It took 24 (and ¾ years) but for the first time, at the end of last year, I saw what real strength was.
It was one of those moments where it didn’t matter how many times I was told, it wasn’t until I saw it for myself that the message sank in. It was a lightbulb moment that left me feeling dizzy as I recalibrated. It taught me how misguided I’ve been about my approach to life.
As a person I’m hyper-conscious I’ve won the lottery. I have no physical and mental disabilities, a healthy and loving family, formal education and job I enjoyed. I have the added benefit of the patriarchy and white privilege.
This awareness led me to set a challenge at the beginning of 2021: I only ever wanted to be happy.
I felt it was a requirement. There are so many people in worse positions who are happy so who am I to be so fortunate and not be? I feared coming across as the person who won millions in the lottery then complained about the tardiness of their private driver.
I thought if successful I could be a source of inspiration for others. A person who they turn to for help to improve their well-being.
My plan to achieve this involved the mental gymnastics of reference points. Hedonic adaptation is one of human’s greatest gifts but also a curse. It’s the reason after buying a new car, the novelty wears off after a few months or so. It’s also how we can adapt to terrible turns of events, the loss of loved ones, disabilities or financial ruin.
Hedonic adaptation is the constant resetting of these reference points.
The challenge I set myself was whenever I began to feel my mood dip, to try and manually reset my reference points and concentrate on all the good fortune I did have, rather than what I didn’t.
In the midst of lockdown this year it was put to the ultimate test. When everyone’s spirits were in a fight not to be broken, I thought I’d be the one who puts on a brave face. To continue looking for positives and prove that it was possible not to be miserable.
It’s only after a job group interview last week that I realised I couldn’t have been more wrong. My behaviour wasn't a show of strength and a source of inspiration for others. In fact, it likely had the opposite effect, I pushed them away by being so unrelatable.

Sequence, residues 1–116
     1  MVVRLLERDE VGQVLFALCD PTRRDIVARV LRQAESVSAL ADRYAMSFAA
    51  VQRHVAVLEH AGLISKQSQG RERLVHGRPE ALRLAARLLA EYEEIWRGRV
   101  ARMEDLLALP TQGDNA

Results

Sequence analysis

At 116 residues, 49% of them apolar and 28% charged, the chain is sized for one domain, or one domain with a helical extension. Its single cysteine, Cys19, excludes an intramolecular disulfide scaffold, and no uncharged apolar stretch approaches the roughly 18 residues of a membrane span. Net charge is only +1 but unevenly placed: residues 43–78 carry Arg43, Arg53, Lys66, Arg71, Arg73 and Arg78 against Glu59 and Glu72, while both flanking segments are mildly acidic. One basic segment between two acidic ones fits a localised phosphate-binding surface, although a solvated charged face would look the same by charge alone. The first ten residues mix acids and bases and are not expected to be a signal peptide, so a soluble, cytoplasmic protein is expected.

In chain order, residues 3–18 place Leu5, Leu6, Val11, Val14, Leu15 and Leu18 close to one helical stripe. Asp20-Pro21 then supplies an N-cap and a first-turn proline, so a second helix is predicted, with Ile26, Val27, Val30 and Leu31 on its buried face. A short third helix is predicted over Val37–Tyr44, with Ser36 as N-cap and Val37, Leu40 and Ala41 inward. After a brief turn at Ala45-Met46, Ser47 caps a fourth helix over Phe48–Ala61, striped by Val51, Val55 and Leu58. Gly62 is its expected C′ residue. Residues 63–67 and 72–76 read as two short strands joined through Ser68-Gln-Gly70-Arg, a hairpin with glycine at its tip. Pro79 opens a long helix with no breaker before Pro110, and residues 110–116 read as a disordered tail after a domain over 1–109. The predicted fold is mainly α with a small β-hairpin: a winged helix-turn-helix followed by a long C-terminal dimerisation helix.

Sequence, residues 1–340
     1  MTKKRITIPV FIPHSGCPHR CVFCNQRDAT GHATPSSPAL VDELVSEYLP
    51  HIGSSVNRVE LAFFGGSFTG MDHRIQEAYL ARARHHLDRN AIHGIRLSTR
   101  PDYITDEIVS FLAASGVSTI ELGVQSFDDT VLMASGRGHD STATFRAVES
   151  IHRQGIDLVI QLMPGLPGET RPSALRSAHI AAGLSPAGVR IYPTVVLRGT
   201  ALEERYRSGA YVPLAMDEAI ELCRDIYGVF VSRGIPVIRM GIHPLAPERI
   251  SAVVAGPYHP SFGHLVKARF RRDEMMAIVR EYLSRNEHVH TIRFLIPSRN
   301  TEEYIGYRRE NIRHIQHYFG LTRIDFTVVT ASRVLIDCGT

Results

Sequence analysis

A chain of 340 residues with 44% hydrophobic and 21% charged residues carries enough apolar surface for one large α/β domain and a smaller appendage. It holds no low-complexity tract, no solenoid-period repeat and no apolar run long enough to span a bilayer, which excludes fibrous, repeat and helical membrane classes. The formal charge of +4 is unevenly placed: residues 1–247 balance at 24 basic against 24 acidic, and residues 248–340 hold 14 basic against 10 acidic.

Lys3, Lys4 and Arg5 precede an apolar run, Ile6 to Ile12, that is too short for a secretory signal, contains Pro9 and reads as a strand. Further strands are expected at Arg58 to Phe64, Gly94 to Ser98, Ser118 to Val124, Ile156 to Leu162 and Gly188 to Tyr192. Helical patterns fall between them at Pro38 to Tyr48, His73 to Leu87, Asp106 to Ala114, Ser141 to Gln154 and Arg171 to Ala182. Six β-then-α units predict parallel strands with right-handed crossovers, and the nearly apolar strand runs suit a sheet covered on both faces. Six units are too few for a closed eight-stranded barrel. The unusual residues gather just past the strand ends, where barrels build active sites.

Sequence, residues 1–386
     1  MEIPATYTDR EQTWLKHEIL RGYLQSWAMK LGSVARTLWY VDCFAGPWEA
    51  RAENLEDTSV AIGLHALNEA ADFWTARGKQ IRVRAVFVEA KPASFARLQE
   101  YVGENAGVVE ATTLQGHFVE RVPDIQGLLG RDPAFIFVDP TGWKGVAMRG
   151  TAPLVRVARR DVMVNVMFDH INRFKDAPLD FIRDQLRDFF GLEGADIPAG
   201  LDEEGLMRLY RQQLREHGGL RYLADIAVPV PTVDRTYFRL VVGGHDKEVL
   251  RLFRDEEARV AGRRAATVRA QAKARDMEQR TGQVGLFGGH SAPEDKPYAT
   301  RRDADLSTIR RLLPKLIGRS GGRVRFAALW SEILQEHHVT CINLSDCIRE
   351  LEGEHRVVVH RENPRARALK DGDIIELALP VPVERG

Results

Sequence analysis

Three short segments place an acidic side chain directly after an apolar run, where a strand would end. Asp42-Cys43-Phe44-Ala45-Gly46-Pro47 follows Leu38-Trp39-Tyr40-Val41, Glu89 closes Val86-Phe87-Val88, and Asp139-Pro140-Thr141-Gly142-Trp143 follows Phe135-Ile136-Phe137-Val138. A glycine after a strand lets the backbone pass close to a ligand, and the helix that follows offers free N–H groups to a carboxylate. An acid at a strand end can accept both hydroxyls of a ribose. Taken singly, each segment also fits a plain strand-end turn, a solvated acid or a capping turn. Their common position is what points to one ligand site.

The interview opened my eyes to the source of real strength: vulnerability.
Over the course of two hours I had the privilege to learn the stories of nine other men. Not just their work history and their interests, but the path that brought them to where they were today. About why they were so driven to do healthy masculinity work with teenage boys.
I learnt about Blue who identified as they/them, a self-proclaimed queer who is driven to teach heathy mascuinity due to the suicide of one of their close friends. An individual whose environment became so toxic that he didn’t see living worth it anymore.
I learnt how Stefan, a six foot three guy with biceps the size of my chest, found himself with two bulging discs in his back as a result of the lengths he was driven to prove his masculinity to his friends.
These stories shared the dark side of humanity, however Blue and Stefan didn’t tell them looking for compassion, they told them from a place of empowerment. They wanted to prevent anyone else from finding themselves down the tortured path they did. Rather than shy away from the reality they found themselves in, they’d chosen to acknowledge it every day that they go to work. Vulnerabilities that once ate away at their lives, now became their source of inspiration.
By doing so, despite knowing them for less than an hour I also sat there inspired to do the work alongside them.
Then, like a lightning bolt, it hit me. I realised how misguided I’d been. That to be happy with awareness of your greatest vulnerabilities is a far greater sign of strength, then pretending nothing is wrong.
One is empowering, the other is being delusional.
The irony of my foolish attempt to only ever be happy is I lost access to that greatest strength. Vulnerability stems from your fears and anxieties, so in my attempt to avoid those emotions it became impossible for me to ever be truly vulnerable. To ever truly capture this source of strength.
I now sit here today and acknowledge that I’m scared. Scared that I’ll never be good enough. Scared of all the mistakes I’ll make. Scared that I won’t be loved. However, rather than allow that fear to control me, I’ll embrace it. I’ll show up not because I’ve done mental gymnastics to avoid it, but because I’m human and my imperfections are part of who I am.
And maybe this time I become a little source of inspiration along the way.
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